Amidst growing tension, Fulton County District Attorney Fani Willis denies Rep. Jim Jordan's plea for details on her Trump investigation.
Willis recently declined to share further details about her probe into former President Donald Trump and 18 others with House Judiciary Committee Chairman, Jim Jordan.
Notably, this isn't the first time Willis has responded to Jordan's requests. Just over a month ago, she addressed his inquiries with a rather sharp letter. The contents of this letter were later made public by CNN.
In her letter, Willis suggested two possible interpretations of Jordan's actions. One, is that he might be unaware of the stipulations of both the United States and Georgia Constitutions. Alternatively, and more concerning, he might be using his position to hinder a criminal prosecution in Georgia.
Willis further emphasized the baselessness of Jordan's probe into her investigation. She highlighted the significant confidentiality interests tied to an ongoing criminal case and raised concerns about federalism and the separation of powers.
In response to an earlier request from Jordan in September, Willis accused the congressman of trying to obstruct a state criminal case. She also mentioned his "outrageous partisan misrepresentations."
She firmly stated that the Constitution doesn't provide any grounds for Congress to meddle in state criminal affairs. Jordan's attempts were seen as a direct violation of this principle, Spectrum News reported.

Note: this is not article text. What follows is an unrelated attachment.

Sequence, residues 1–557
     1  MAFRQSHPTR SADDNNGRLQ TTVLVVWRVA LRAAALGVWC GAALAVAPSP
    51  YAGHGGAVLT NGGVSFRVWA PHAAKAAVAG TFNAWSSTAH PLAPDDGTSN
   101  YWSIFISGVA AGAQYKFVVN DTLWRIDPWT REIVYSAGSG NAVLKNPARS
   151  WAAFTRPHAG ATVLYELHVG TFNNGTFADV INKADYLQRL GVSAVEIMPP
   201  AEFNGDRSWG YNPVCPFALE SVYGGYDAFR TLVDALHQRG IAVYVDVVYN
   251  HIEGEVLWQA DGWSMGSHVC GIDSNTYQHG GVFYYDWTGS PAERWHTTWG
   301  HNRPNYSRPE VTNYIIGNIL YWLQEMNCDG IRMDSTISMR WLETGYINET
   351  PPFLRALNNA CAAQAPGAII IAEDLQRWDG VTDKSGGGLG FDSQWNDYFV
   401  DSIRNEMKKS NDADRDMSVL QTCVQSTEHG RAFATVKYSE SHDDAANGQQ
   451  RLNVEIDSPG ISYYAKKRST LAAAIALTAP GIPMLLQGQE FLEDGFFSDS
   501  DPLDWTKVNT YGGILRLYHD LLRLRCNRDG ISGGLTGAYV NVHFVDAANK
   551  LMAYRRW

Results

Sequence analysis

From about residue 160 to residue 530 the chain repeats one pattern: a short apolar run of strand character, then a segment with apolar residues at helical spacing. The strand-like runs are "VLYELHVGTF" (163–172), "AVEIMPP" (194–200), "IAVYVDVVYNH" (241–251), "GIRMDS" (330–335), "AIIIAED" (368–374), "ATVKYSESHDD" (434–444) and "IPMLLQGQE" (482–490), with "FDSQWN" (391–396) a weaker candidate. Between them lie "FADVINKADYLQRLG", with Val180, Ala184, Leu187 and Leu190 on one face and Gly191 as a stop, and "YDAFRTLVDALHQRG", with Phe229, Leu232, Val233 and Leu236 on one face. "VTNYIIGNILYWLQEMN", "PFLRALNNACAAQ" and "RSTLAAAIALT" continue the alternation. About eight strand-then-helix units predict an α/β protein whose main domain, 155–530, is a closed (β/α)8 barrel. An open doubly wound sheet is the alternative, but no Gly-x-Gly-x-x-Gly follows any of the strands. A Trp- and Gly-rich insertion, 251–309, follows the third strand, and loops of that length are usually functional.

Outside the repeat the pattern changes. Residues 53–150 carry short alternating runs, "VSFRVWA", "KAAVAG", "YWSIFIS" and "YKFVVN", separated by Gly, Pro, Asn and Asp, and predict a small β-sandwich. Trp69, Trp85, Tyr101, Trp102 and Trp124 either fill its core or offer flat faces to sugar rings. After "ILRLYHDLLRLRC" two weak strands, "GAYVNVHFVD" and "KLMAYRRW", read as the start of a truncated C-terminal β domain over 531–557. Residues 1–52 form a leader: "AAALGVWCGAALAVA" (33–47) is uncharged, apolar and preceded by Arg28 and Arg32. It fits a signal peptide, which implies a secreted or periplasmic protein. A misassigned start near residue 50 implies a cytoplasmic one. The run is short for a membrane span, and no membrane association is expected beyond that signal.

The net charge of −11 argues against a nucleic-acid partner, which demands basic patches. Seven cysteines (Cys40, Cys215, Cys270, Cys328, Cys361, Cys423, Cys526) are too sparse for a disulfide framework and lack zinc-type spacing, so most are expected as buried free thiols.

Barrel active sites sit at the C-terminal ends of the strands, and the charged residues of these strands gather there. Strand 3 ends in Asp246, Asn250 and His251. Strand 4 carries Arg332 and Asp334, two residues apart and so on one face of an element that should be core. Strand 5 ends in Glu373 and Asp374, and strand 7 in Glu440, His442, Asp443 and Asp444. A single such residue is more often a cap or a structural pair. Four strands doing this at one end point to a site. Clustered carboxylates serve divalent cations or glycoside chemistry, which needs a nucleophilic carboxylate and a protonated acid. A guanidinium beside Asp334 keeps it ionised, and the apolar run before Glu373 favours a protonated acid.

However, Jordan didn't remain silent. He retorted by suggesting that Willis's "hostile response" only strengthened the Judiciary Committee's worries. He insinuated that her actions seemed more politically motivated than a genuine pursuit of justice.
Jordan defended his inquiries by stating that federal lawmakers must ensure that local prosecutors don't misuse their authority for political gains. Especially when it comes to targeting federal officials.
He further explained that his committee is considering the possibility of introducing legislation. This would safeguard both former and current presidents from state and local prosecutions driven by political motives.
As for the case against Trump, he faces 13 charges in Fulton County. These include racketeering and soliciting a public officer to breach their oath. Trump, who has consistently denied any wrongdoing in the 2020 election, has entered a plea of not guilty.
The trial for the first two co-defendants, lawyers Sidney Powell and Kenneth Chesebro is scheduled to commence on October 23.
Another individual involved, Scott Hall, a bail bondsman, admitted guilt to five misdemeanor charges last month.
As part of his agreement with the prosecutors, he will serve a five-year probation period and will be a witness in subsequent court proceedings and trials.